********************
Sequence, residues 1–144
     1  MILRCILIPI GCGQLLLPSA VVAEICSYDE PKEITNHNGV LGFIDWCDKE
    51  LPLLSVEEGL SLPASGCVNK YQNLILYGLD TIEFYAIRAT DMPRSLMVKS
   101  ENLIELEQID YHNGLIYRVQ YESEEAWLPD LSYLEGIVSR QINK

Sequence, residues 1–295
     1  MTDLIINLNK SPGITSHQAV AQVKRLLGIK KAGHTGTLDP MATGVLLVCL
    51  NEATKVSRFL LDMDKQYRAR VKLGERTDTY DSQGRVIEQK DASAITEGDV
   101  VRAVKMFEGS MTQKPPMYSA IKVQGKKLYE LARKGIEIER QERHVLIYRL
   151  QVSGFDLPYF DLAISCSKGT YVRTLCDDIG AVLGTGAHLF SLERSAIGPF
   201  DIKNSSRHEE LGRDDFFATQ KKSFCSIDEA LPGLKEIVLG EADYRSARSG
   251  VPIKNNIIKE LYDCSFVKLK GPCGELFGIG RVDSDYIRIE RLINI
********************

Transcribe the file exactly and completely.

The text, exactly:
Sequence, residues 1–144
     1  MILRCILIPI GCGQLLLPSA VVAEICSYDE PKEITNHNGV LGFIDWCDKE
    51  LPLLSVEEGL SLPASGCVNK YQNLILYGLD TIEFYAIRAT DMPRSLMVKS
   101  ENLIELEQID YHNGLIYRVQ YESEEAWLPD LSYLEGIVSR QINK

Sequence, residues 1–295
     1  MTDLIINLNK SPGITSHQAV AQVKRLLGIK KAGHTGTLDP MATGVLLVCL
    51  NEATKVSRFL LDMDKQYRAR VKLGERTDTY DSQGRVIEQK DASAITEGDV
   101  VRAVKMFEGS MTQKPPMYSA IKVQGKKLYE LARKGIEIER QERHVLIYRL
   151  QVSGFDLPYF DLAISCSKGT YVRTLCDDIG AVLGTGAHLF SLERSAIGPF
   201  DIKNSSRHEE LGRDDFFATQ KKSFCSIDEA LPGLKEIVLG EADYRSARSG
   251  VPIKNNIIKE LYDCSFVKLK GPCGELFGIG RVDSDYIRIE RLINI